Magazine article The Advocate (The national gay & lesbian newsmagazine)

FAMILY MATTERS: A Trans Comic, Writer, and Performer Gets Real about the Complications of Family, Culture, and Queerness

Magazine article The Advocate (The national gay & lesbian newsmagazine)

FAMILY MATTERS: A Trans Comic, Writer, and Performer Gets Real about the Complications of Family, Culture, and Queerness

Article excerpt

Of writer, director, actor, and comedian D'Lo's many talents, one seems to be the ability to turn pain into laughter--which in turn, heals.

"I think there's so many ways to tell a powerful story," says the queer, transgender, Tamil-Sri Lankan-American performer. "But comedy for me is the medicine.... the way that you crush a pill inside some orange juice to give it to a kid. It's that same thing, it's that conduit for the medicine."

"I believe it is a sacred art form," he adds. "I think that if you can laugh about something, it shows you have graduated from the pain." D'Lo feels he may have inherited some of his comedic chops from his funny father, and explains that being clever and witty in the Sri Lankan community "is recognized and almost revered."

But for him, comedy has not only been a form of self-expression and storytelling, it's also been a survival skill. D'Lo says growing up queer and gender-questioning in the desert community of Lancaster, Calif.--dubbed "Sri-Lancaster" due to its dense Sri Lankan immigrant population--wasn't always easy. Comedy became "a way to deflect those questions that might be coming at me, around my sexuality and gender presentation."

D'Lo's story first gained attention when he was the subject of the award-winning 2013 documentary short by Crescent Diamond, Performing Girl--which is now receiving a second wave of attention since its recent release on Amazon. Despite the film's success (it won Best Short at both the Sacramento Film and Music Festival and Albuquerque's Southwest Gay & Lesbian Film Festival, and the Grand Jury Award at Outfest 2013), D'Lo was initially hesitant about working with the filmmaker.

"Crescent's white," he says bluntly. "And I'm tired of people of color's stories being told by white folks." Despite this being his initial reaction, D'Lo says after getting to know Diamond, he was eventually able to put his trust in her and move forward with the project.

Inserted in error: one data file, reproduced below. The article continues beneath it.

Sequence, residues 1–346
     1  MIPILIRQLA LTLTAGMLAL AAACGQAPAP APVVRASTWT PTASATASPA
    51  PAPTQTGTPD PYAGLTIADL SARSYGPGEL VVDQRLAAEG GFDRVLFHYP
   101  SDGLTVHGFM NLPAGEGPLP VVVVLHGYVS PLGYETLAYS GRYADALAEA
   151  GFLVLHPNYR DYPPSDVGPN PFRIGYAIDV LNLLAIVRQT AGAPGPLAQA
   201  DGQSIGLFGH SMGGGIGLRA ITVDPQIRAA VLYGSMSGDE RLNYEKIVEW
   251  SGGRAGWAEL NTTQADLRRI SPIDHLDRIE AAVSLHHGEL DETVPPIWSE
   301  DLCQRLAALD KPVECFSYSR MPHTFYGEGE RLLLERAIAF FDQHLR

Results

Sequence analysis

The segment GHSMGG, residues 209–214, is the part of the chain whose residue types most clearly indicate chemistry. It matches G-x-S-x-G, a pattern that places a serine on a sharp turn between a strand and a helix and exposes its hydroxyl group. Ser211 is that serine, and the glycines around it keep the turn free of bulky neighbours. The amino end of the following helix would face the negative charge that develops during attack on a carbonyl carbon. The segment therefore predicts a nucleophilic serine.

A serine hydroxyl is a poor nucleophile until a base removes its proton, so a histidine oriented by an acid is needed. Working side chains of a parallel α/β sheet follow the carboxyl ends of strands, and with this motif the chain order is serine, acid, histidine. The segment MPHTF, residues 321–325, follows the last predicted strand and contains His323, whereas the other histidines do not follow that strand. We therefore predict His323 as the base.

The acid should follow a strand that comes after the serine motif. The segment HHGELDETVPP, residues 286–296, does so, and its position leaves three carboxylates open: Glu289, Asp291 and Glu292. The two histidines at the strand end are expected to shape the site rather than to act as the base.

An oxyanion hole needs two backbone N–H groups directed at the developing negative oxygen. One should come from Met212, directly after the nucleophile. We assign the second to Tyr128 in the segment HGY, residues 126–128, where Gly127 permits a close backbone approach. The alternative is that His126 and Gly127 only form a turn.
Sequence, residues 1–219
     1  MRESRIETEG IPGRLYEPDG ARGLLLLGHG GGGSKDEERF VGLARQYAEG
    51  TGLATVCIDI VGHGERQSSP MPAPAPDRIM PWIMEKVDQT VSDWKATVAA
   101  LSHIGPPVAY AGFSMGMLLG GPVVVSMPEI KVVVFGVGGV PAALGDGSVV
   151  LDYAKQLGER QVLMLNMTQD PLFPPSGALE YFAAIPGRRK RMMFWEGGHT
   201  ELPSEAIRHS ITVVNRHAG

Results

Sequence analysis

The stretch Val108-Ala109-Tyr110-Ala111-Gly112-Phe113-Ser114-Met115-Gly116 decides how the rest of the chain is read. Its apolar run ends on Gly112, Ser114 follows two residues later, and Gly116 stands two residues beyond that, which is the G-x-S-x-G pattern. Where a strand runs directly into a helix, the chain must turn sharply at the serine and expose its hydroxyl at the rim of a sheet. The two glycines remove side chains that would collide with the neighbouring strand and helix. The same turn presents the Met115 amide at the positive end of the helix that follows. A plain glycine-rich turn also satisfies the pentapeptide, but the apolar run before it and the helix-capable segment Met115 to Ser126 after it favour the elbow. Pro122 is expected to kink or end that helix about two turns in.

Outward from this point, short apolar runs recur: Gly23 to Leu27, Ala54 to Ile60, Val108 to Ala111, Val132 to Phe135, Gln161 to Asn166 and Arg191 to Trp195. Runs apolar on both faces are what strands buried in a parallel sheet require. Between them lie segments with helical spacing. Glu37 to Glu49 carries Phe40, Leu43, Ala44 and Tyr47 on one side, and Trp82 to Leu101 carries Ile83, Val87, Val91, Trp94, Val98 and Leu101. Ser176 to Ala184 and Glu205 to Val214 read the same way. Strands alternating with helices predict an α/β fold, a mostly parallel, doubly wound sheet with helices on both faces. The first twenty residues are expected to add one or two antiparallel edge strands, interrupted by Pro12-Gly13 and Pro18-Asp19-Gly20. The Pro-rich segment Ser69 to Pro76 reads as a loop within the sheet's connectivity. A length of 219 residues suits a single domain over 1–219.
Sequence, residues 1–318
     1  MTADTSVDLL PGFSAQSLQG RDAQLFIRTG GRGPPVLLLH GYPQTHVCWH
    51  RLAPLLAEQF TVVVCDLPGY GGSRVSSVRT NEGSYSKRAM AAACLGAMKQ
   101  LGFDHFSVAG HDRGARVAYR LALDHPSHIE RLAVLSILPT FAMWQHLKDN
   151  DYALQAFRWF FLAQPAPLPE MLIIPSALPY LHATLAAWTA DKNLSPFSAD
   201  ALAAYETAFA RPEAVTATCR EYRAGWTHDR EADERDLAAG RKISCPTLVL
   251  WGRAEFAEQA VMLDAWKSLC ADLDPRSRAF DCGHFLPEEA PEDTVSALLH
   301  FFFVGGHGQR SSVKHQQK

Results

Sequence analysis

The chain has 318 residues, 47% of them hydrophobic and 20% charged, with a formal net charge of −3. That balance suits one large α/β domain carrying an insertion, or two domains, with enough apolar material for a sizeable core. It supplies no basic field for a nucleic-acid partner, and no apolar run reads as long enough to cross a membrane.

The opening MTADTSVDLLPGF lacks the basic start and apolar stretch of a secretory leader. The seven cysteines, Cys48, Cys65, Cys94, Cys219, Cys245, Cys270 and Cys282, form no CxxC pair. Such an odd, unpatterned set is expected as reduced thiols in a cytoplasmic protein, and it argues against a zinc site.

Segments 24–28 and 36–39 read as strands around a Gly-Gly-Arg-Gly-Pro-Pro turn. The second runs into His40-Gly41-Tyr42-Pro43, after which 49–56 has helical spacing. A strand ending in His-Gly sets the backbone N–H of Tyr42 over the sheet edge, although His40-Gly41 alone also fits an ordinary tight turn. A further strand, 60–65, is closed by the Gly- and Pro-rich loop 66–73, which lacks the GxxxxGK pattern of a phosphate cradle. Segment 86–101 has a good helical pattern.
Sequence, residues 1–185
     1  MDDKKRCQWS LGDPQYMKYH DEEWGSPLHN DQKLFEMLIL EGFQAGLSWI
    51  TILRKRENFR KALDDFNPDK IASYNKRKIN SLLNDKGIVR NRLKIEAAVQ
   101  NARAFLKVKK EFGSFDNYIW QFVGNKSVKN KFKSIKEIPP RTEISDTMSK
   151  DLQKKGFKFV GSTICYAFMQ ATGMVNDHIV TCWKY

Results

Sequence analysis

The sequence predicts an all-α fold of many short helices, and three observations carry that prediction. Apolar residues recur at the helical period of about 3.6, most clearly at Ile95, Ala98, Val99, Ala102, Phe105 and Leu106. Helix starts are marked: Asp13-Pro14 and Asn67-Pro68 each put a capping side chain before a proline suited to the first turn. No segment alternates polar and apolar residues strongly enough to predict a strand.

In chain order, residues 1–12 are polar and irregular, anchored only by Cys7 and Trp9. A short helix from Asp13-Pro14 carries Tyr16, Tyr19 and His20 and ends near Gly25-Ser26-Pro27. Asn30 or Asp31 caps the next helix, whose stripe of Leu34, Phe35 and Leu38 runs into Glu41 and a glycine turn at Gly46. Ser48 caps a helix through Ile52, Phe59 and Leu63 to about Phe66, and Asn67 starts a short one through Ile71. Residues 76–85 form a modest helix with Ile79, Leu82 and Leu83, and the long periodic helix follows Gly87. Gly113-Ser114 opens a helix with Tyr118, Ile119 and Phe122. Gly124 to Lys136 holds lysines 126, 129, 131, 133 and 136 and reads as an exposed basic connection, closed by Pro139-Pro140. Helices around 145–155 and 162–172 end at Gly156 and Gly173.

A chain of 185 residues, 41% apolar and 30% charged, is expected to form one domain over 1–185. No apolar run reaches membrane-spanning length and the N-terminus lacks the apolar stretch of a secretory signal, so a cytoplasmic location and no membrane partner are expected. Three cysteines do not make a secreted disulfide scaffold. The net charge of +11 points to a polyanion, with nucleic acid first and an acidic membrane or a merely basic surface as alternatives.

"We had talked about just a bunch of political stuff and got to know each other throughout the process, and I liked her. I felt like this was my friend."

The heart of the story in Performing Girl is D'Lo's relationship with his very traditional Tamil-Sri Lankan parents, which he confesses isn't a perfectly accurate reflection of their family's true dynamics. "I think that they represented themselves in how they wanted to be seen ... even if they weren't actually there," he says of their appearances in the film.

In fact, D'Lo admits that his parents's subtle sugarcoating was a critique he'd expressed to Diamond about an early draft of the film. "I was like, "Yo, I feel like this is all like frosting on a shitty cake, you know? How [can] I show up in a more vulnerable way in this piece?' So, Crescent was open to that. If I wanted something flipped, she was like, 'OK, fine!'--but she would do it."

Although his relationship with his parents is still a work in progress, D'Lo says there has been some major milestones, thanks in part to the film--but also to his partner, Anjali, who has become like a daughter to them. He says despite their differences at times, his family is very tight due to their shared pain over his sister's sudden and tragic death in a 1991 plane crash.

"We might be a family [whose] foundation has been cracked with devastation and loss and grief," he says, but, "Anjali has definitely been that glue that has spilled into the cracks and made us feel whole again."

D'Lo says that, right or wrong, the fact that Anjali is feminine has helped his parents in their acceptance of his gender identity. …

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